Royal Swedish Mail
Development until 1638
At the beginning of the 13th century, Estonia was missionised from Denmark. Denmark and the Order of the Brothers of the Sword resp. the Teutonic Order initially fought for supremacy, before in 1346 the north of today's Estonia (the provinces of Harrien and Wiru) passed from Denmark to the Order. Until 1918, the term "Estonia" was limited to this part of the country.
(Image: Wikimedia Commons)
From the Hanseatic League to the Livonian War
During the 14th and 15th centuries, Reval (Tallinn), Dorpat (Tartu), Pernau (Pärnu) and Fellin (Viljandi) belonged to the Hanseatic League of Cities, whose messengers by sea and land maintained a close communication network in Northern and Central Europe. The war between Russia and the Livonian Confederation between 1558 and 1582 led to the extensive destruction of this network and large parts of present-day Estonia.
With the peace treaty of 1583, Estonia was divided between Russia, Poland, Denmark and Sweden. While the northern part was de facto under Swedish rule from 1561, the south of today's Estonia around Dorpat, together with the north-eastern half of today's Latvia, formed the Duchy of Livonia (Estonian Liivimaa, Latvian Vidzeme, Polish Inflanty) under Polish rule. In the Treaty of Altmark in 1629, the entire mainland of what is now Estonia was given to Sweden, and in 1645 the island of Ösel (Saaremaa) as well. (Source: Wikipedia)
1638 1710 Royal Swedish Post
Postmaster Jacob Becker
The postal history of Estonia in the narrower sense began in 1632 with the appointment of Jacob Becker from Riga as postmaster in Dorpat (Tartu). On 26 September of that year, he published a "PostOrdnung" (postal order) there, with which he became the creator of the first general and publicly accessible postal traffic in today's sense. Becker's "PostOrdnung" specified the times of departure and arrival times of the post from and to Riga, determined the duration of the journey in days as well as the postage in Reval Marks per lot of 13.5 grammes. Becker employed post riders and organised stations for changing horses at inns on the routes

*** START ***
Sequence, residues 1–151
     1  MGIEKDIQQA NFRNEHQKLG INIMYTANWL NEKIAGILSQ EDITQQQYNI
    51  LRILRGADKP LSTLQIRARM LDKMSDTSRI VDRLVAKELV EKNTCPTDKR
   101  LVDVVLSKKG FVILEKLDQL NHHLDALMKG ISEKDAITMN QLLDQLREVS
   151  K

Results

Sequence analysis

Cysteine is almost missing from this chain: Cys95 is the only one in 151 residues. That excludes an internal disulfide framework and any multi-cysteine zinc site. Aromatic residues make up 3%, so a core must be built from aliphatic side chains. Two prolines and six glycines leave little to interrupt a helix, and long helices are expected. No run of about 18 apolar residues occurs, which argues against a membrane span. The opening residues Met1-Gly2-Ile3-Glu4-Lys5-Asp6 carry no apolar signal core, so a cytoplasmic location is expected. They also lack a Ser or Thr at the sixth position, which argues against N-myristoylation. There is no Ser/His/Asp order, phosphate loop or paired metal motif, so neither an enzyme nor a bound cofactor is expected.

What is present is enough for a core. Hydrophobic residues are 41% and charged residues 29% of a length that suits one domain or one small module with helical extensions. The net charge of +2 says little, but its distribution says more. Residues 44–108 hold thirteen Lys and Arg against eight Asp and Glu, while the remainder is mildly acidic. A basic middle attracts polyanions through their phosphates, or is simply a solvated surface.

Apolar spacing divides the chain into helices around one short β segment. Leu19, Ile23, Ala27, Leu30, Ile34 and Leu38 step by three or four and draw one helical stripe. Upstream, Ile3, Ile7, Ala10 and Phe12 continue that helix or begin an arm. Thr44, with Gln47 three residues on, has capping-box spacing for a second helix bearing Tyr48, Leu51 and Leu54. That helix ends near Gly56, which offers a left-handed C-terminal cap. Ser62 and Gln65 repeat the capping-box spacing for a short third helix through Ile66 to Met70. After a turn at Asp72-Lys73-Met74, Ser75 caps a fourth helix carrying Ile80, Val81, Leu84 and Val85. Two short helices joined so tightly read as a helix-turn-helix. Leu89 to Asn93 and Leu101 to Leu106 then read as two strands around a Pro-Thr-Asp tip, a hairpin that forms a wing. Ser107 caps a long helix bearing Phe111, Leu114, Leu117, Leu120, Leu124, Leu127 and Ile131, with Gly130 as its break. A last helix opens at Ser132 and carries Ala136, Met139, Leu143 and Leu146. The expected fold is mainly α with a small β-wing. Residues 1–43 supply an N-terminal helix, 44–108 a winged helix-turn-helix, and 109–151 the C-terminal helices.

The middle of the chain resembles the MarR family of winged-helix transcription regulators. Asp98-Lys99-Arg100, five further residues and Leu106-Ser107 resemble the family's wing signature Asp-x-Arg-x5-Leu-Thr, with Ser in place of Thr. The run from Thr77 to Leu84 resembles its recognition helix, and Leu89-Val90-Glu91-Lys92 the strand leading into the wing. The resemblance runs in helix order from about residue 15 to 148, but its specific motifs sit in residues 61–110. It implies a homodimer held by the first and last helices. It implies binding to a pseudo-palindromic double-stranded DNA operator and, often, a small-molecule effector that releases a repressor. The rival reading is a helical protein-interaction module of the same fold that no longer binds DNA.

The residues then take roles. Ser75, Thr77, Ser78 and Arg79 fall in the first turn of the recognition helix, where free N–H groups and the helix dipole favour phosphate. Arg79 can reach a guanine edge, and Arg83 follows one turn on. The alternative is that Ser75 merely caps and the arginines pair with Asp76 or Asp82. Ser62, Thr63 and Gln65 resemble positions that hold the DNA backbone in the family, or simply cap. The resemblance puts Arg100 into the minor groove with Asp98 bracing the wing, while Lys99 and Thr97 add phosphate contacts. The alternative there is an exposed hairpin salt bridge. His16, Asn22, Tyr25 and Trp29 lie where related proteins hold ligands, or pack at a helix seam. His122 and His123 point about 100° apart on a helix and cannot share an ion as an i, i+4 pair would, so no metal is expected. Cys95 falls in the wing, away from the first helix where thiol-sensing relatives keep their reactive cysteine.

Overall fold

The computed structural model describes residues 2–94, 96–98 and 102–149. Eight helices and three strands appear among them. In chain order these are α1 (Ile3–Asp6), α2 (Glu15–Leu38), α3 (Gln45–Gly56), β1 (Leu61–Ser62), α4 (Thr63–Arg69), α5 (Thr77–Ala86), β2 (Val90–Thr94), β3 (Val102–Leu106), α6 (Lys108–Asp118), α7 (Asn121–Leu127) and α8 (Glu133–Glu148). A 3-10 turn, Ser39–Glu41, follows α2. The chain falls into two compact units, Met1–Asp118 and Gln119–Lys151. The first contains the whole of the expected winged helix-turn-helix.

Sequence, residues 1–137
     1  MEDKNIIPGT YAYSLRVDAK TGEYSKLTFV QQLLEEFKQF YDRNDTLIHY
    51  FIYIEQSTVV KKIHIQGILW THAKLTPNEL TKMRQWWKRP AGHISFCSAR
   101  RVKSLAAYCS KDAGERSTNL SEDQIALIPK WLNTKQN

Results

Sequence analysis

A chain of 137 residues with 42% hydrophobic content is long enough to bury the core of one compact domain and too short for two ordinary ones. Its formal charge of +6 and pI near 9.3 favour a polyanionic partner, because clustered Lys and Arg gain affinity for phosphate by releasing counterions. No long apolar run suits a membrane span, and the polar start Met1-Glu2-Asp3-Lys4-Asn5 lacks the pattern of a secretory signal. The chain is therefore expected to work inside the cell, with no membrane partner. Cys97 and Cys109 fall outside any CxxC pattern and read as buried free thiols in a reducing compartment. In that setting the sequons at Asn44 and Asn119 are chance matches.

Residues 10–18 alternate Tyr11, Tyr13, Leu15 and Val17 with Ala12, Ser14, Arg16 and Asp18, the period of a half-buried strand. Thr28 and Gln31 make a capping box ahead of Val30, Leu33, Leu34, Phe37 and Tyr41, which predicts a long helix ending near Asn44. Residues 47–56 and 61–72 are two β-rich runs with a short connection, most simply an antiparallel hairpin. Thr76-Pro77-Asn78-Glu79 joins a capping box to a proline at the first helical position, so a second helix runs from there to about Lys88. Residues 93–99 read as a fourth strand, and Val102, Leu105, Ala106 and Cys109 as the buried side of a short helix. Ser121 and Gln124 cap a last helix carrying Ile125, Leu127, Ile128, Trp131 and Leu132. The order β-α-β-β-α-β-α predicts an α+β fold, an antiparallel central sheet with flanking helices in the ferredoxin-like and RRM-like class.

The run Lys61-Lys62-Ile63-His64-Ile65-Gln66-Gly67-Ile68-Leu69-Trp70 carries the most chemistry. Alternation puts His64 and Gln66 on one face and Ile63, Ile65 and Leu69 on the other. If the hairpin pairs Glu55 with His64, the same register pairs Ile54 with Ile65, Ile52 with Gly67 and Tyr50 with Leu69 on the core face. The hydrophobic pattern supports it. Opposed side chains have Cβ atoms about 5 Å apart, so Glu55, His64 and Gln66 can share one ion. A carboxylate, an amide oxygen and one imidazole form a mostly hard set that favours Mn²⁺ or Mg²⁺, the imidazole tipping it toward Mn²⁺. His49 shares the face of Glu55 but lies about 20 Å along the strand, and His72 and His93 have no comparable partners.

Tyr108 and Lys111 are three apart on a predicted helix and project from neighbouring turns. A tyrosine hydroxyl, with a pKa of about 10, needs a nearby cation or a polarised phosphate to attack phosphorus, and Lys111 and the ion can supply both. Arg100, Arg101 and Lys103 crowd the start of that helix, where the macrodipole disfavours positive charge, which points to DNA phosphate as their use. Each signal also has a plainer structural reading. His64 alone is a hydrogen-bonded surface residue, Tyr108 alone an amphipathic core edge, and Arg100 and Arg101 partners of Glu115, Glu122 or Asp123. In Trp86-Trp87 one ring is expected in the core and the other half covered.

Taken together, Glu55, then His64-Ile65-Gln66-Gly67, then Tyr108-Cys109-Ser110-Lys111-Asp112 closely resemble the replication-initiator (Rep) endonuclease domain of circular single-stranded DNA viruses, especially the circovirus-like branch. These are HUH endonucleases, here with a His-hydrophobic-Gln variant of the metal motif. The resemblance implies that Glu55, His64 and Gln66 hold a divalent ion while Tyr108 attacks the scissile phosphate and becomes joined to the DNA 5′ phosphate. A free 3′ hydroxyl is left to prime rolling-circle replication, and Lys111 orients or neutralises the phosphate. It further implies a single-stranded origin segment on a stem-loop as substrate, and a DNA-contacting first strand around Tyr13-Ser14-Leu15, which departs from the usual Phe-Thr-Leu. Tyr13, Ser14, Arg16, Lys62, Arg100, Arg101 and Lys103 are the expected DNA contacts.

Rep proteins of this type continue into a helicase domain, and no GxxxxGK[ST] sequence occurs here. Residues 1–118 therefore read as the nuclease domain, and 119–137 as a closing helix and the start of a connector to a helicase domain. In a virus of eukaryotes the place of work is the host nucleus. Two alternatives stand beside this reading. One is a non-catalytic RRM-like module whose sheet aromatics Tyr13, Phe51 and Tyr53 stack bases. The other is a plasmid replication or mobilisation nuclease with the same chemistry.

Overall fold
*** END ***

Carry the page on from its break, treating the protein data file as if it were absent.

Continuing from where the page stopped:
Riga Dorpat (Tartu),
Dorpat (Tartu) Wesenberg (Rakvere),
Dorpat (Tartu) Pernau (Pärnu),
Dorpat (Tartu) Reval (Tallinn) and
Reval (Tallinn) Pernau (Pärnu).
The State Post
The foundation of the Swedish State Post Service dates back to a decree issued by Queen Christina in 1636. Initially limited to the Swedish motherland, the decree of September 6, 1638 extended the State Post Service to the governorates of Estonia, Livonia, Ingermanland and Finland. This date is therefore rightly regarded as the actual founding day of the state postal service in Estonia.
A total of eight Royal Swedish post offices opened their counters on what is now Estonian territory:
in the Estonian Governorate: Reval/Refvall (Tallinn), Hapsal/Hapsall (Haapsalu) and Wesenberg (Rakvere);
in the Livonian Governorate: Dorpat/Dorpt (Tartu), Pernau (Pärnu), Arensburg (Kuressaare) and Walk (Valga, Valka);
in the Ingermanland governorate: Narwa/Narfwen (Narva).
So far, only two post offices are known to have used a so-called Banderol or Bandeau postmark in the first years of the 18th century until 1710: Reval (Tallinn) and Pernau (Pärnu). Picture credits: Hurt/Ojaste: Estonia Handbook 1986
These postmarks were used until the loss of the Baltic territories to Russia in 1710 and are considered exceptionally rare.
1710: Parcel accompanying letter from the time of the Great Nordic War to Andreas Timmermann in Narva (hostile foreign country during this time)
Picture credits: 359th Köhler Auction, lot no. 5002
According to an expert at the Stockholm Postal Museum, the particularly clear strike of the Swedish Banderol postmark - described as the most beautiful known so far - suggests that it dates from the beginning of the postmark period, i.e. from 1708.
The sender was Axel Julius de la Gardie (seal on the reverse), the recipient's address reads:
To the well Noble Bailiff and
Doughty Master Capitain
Gotthard Wilhelm von Essen
Seal on the back
According to the Swedish letter tax of December 14, 1692, which was applied from January 1, 1693 and was valid on the territory of present-day Estonia until 1710, such a letter from Pernau to Linköping cost 9 silver öre per lot (13.5g)
The period of Swedish rule in Estonia ended under international law in 1721 with the Peace of Nystad (Uusikaupunki), which ended the Northern War (17011721). In fact, for large parts of present-day Estonia it ended as early as 1710 with the "capitulations" of the citizens of numerous cities, including that of the council of the city of Reval (Tallinn) in that year. With them, the councillors took an oath to Tsar Peter I and thus recognised Russian suzerainty.